## § Topological proof of infinitude of primes

We take the topological proof and try to view it from the topology as
semidecidability perspective.
- Choose a basis for the topology as the basic open sets $S(a, b) = \{ a n + b : n \in \mathbb Z \} = \{ mathbb Z + b \}$. This set is indeed semi-decidable. Given a number $k$, I can check if $(k - b) % a == 0$. So this is our basic decidability test.
- By definition, $\emptyset$ is open, and $\mathbb Z = S(1, 0)$. Thus it is a valid basis for the topology. Generate a topology from this. So we are composing machines that can check in parallel if for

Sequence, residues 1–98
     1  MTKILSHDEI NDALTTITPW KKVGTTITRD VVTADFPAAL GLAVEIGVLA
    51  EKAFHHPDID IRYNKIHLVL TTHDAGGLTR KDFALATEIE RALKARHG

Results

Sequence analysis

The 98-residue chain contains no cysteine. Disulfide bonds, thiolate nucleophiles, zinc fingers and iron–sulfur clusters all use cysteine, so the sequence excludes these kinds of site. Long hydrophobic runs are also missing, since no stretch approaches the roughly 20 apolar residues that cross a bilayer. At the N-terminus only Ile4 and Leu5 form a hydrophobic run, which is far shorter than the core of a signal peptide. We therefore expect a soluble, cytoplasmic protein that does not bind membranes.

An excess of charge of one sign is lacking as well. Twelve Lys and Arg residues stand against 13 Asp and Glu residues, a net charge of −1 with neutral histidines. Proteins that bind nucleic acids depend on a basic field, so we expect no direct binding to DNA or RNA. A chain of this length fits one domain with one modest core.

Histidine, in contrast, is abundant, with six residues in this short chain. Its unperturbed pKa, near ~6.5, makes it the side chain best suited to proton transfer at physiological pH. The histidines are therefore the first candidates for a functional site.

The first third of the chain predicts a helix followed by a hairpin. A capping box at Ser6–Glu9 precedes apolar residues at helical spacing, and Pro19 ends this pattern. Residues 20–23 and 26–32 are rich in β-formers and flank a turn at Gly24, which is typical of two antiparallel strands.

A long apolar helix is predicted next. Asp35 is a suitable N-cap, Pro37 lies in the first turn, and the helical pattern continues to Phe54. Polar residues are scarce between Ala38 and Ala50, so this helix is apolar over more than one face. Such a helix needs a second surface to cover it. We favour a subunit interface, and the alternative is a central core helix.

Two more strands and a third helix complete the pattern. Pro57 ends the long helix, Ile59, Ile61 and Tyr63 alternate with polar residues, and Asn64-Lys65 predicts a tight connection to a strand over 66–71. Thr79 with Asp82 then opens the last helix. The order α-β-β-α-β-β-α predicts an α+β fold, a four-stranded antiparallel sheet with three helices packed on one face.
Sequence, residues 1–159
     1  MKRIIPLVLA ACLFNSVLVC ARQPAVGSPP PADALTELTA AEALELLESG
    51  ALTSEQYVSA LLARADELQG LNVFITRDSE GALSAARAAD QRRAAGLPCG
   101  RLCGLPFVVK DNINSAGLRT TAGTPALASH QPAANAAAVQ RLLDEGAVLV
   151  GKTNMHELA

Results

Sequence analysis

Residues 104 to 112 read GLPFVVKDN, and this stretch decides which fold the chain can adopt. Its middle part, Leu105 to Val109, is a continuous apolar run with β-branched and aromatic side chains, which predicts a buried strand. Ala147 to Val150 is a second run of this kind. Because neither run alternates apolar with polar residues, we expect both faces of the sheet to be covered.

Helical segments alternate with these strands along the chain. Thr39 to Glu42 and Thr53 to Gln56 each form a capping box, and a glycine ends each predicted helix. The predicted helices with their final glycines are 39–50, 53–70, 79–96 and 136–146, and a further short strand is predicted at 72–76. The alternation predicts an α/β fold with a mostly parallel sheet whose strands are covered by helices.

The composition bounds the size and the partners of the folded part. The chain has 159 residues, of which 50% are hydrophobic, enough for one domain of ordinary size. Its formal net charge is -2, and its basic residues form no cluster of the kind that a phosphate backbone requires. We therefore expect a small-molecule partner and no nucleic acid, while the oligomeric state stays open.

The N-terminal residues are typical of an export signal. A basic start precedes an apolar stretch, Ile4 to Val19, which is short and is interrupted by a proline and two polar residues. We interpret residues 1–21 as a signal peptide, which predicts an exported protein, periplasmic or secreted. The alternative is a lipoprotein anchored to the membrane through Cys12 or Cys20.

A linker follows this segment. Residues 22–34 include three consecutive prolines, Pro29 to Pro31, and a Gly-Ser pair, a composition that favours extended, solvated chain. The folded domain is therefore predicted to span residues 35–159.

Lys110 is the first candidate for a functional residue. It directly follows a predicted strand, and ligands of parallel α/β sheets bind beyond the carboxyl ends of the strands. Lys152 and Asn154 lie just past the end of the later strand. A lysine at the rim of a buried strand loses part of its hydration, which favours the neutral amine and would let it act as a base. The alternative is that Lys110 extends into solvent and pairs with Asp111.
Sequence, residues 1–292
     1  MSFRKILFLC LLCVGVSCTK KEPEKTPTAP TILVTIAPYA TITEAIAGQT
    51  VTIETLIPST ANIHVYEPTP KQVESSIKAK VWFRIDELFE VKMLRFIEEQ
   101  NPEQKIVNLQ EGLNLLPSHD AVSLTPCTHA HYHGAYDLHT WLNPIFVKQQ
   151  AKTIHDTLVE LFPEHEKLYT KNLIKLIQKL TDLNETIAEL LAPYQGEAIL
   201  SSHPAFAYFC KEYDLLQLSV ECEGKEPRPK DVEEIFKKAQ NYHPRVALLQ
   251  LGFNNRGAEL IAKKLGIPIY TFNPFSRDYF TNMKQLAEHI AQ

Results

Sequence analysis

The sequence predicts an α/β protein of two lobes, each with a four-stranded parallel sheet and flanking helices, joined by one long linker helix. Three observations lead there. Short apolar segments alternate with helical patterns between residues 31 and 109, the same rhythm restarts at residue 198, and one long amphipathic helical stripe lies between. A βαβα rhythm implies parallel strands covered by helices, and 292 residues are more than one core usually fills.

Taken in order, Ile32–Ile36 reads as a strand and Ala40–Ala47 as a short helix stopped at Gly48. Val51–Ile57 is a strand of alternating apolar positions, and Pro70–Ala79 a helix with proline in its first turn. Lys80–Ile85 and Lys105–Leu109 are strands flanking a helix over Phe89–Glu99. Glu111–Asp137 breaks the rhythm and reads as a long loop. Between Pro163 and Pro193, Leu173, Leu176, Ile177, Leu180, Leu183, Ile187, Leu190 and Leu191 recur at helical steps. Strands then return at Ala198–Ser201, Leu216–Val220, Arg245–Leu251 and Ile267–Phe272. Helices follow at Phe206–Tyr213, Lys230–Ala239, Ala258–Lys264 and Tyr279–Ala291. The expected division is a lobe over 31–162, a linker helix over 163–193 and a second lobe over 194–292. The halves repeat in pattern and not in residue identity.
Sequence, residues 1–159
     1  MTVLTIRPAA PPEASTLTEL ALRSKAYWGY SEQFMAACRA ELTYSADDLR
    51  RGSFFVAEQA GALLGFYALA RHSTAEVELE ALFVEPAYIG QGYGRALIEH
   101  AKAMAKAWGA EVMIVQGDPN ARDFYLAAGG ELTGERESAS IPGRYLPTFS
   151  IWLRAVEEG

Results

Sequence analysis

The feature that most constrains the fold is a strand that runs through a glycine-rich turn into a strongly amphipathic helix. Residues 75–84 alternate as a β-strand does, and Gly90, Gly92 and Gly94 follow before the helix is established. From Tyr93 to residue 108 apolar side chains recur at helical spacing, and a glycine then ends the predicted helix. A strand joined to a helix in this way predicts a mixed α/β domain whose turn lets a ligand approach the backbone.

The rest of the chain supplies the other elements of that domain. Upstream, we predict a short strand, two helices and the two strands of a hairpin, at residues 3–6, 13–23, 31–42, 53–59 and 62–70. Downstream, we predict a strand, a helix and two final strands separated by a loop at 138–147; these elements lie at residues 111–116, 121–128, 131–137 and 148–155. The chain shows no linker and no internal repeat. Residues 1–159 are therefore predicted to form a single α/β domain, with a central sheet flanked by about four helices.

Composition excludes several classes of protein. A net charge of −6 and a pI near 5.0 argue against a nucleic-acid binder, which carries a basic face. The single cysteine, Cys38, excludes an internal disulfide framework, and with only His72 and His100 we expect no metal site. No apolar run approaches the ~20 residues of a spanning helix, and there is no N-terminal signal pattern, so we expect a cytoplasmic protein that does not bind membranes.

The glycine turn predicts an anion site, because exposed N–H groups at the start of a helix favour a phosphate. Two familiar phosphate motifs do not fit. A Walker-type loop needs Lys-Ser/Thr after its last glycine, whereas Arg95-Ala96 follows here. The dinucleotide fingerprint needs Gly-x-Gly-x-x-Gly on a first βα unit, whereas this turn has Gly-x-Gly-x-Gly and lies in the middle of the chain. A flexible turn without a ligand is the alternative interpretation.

*some * $i$, $(k - b[i]) % a[i] == 0$ for some index. - The basis $S(a, b)$ is clopen, hence the theory is decidable.
- Every number other than the units $\{+1, -1\}$ is a multiple of a prime.
- Hence, $\mathbb Z \setminus \{ -1, +1 \} = \cup_{p \text{prime}} S(p, 0)$.
- Since there a finite number of primes [for contradiction ], the right hand side must be must be closed.
- The complement of $\mathbb Z \setminus \{ -1, +1 \}$ is $\{ -1, +1 \}$. This set cannot be open, because it cannot be written as the union of sets of the form $\{ a n + b \}$: any such union would have infinitely many elements. Hence, $\mathbb Z \setminus \{ -1, +1 \}$ cannot be closed.